The Darkest Void

Given that the image of a man rocketing off via his backpack has become culturally ingrained, many of us at some time or other have mused about the jetpack and wondered why we don’t all have one. For me, this question became particularly pressing after I saw the most inspiring use of a jetpack ever recorded, flown by one George Michael Bluth, who, believing it to be a gift from his father, used the jetpack to fight against a giant mole.

The character Rocket Man first appeared in 1949 and began an impressive screen career—he starred in four movies and one TV show. He wears an “atomic powered rocket flying suit” in order to stop his nemesis, Dr. Vulcan, from conquering the world. Now I’m picturing Spock wearing a jetpack, and am even sadder that they’re not available.

Since then, the jet pack has made an appearance in many other science fiction books, comics, movies and television shows, such as Buck Rogers (1930s) and the Rocketeer, whose comic first appeared in 1982. Disney released the Rocketeer movie in 1991. And, of course, there’s the Jetsons—even the most domesticated and lame space folk had jetpacks.

Imagine how easy it would be to get to school or work with a jetpack. No commuter lanes, no search for parking, no meters. I fantasize about how much better traffic in Boston would be. That is, unless people’s driving habits transferred directly into their flight patterns. Then they’d have to invent jetpacks with horns. And tear gas. In time, jetpacks would of course come in various brands, styles, and colors—surely, Nike would have jetpacks with LCD swooshes. Converse could make the ironic hipster jetpacks. We could have all-black, goth jetpacks, or rainbow-colored LGBT-friendly packs. Packs with the insignia of your favorite NHL, NFL, or NBA team, packs with your school or company’s logo, packs with the family crest emblazoned on them. Waterproof jetpacks, jet packs with visors, streamers, cup holders. A jetpack could become much more than a jetpack.

As it turns out, jetpacks do exist.

The Germans invented the first prototype, wearable pulse jet tubes, in World War II. It was called the “Himmelsturmer,” which means heaven stormer, and is probably more awesome than the actual jetpack.

In 1959, Aerojet General Corporation invented the Aeropack. Then, Bell Aerosystems developed the Bell Rocket Belt, which ran on hydrogen peroxide. Pilots could control the thrust by controlling the direction of two nozzles that blasted out steam created from a combination of nitrogen and hydrogen peroxide. The Rocket Belt could only fly for 20 seconds. When Bell Aerosystems tried again in the 1990s to improve the design, they built a much sounder machine but could only reach a fly time of 30 seconds.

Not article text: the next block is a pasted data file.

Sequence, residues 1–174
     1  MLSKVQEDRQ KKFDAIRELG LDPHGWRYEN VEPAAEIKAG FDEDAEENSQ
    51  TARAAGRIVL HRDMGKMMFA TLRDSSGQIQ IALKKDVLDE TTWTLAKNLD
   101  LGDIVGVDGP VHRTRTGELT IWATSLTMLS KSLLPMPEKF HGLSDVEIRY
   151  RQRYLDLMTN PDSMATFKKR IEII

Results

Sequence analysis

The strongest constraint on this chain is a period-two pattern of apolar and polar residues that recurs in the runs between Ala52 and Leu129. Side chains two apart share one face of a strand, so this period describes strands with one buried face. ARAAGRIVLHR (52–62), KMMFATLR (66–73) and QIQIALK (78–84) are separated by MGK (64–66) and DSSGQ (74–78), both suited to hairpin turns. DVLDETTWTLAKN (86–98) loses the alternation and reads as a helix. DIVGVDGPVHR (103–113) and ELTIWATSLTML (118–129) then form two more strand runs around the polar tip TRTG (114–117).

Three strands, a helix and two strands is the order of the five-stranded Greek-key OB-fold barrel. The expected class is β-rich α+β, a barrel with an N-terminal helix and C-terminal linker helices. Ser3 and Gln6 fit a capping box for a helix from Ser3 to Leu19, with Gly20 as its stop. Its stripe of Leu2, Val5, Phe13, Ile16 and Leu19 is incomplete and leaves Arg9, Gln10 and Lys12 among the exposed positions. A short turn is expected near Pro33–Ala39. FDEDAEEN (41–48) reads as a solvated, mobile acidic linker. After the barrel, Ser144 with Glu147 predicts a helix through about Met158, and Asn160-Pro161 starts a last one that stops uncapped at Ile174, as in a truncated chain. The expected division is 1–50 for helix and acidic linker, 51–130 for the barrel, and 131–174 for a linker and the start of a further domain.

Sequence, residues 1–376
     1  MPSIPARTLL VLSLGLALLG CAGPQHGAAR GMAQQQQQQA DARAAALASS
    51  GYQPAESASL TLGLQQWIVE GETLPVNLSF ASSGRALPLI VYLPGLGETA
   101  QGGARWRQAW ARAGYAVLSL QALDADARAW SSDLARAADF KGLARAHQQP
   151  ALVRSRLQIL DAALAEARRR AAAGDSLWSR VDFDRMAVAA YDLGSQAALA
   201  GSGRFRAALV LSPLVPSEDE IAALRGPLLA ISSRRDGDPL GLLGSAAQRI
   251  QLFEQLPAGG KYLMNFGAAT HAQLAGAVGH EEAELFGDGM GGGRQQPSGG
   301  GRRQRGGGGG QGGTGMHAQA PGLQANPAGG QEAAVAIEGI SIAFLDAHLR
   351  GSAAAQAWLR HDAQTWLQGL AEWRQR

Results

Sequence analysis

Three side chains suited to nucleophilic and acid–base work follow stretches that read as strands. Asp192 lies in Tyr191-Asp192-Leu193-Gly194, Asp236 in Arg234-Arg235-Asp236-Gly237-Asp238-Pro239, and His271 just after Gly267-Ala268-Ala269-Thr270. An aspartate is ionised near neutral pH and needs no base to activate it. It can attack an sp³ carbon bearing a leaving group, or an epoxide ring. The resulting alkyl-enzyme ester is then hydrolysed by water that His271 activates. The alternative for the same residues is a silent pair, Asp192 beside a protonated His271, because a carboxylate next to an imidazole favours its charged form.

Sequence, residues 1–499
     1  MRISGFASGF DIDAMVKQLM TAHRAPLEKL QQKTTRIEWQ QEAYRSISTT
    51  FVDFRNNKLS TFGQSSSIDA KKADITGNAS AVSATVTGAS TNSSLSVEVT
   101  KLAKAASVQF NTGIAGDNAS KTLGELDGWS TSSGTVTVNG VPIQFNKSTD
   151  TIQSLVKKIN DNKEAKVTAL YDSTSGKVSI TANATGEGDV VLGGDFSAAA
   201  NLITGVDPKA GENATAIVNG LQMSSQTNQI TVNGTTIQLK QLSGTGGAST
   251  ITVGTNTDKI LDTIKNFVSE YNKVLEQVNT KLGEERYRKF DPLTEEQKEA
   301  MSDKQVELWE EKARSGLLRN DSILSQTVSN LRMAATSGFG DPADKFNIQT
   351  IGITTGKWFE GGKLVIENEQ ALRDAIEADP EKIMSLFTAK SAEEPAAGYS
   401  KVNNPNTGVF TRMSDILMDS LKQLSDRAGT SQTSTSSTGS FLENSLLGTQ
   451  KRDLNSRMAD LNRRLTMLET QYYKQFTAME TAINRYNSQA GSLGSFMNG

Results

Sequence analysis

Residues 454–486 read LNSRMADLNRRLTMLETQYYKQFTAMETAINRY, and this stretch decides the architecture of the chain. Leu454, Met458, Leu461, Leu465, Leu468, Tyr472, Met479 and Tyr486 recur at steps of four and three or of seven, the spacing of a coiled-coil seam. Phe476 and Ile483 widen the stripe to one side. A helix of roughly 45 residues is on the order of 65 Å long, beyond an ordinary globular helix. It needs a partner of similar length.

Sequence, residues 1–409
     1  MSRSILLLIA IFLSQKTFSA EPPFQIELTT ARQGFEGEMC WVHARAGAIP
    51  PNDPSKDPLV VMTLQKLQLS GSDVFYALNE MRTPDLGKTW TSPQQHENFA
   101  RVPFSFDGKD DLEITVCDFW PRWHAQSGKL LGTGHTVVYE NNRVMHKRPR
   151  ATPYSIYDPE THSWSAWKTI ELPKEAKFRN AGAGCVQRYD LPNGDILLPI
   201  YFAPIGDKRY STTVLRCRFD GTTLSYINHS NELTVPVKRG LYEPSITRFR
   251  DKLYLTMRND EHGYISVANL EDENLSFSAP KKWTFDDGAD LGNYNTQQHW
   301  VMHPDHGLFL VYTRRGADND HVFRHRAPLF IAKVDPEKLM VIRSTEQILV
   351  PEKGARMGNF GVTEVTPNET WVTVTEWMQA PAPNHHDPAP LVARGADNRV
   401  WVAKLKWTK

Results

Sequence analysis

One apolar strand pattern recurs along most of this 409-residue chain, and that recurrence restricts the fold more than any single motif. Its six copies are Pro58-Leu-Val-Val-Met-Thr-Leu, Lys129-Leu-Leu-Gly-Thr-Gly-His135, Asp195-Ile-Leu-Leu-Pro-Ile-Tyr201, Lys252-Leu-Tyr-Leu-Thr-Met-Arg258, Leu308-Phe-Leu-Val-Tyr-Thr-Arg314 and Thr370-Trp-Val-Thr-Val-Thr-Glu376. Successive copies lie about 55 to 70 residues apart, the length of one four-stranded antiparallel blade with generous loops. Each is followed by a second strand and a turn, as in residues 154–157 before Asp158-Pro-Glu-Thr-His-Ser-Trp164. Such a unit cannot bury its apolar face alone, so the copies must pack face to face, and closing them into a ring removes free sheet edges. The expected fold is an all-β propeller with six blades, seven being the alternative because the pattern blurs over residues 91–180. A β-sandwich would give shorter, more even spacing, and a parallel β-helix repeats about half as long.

Stuntman Eric Scott set the Guinness World Record for the fastest man in a jetpack (the competition for this category was fierce) in May, 2009, when he reached 68 mph. He also flew across the Royal Gorge Canyon in 21 seconds. His pack, appropriately named “Go Fast,” runs on hydrogen peroxide, which is safe (ie, not likely to blow up while on your back), but the fly times are quite short. The “Go Fast” pack can carry enough fuel for a 30-second trip. According to the website, they’re only “sold to qualified individuals that have undergone extensive training.”

The Martin Aircraft Company, based in New Zealand, has developed a jetpack that has a gasoline engine, which allows it to stay in the air upwards of 30 minutes and reach speeds of over 60 miles per hour. In May of 2001, the Martin jet pack shot to an altitude of 5,000 feet, providing fodder for the fantasies of geeks the world over. The Martin Aircraft Company hopes to have the product ready for “key customers” in the next 18 months. According to their website, they will sell the packs to private individuals after test runs and refinement. You can reserve a jetpack, though, for whenever they eventually release them. All you have to do to “fly the dream” is plunk down a $3,500 deposit and be ready to fork over $97,000 more when the time comes.

In the midst of economic turmoil, this gives us an inspiring goal: instead of lowering the price of the jetpack, we need to rehabilitate the markets until the purchase of a jetpack is merely a drop in the bucket for most folks, until we’re launched, for thirty seconds at a time, headlong into the brilliant future.

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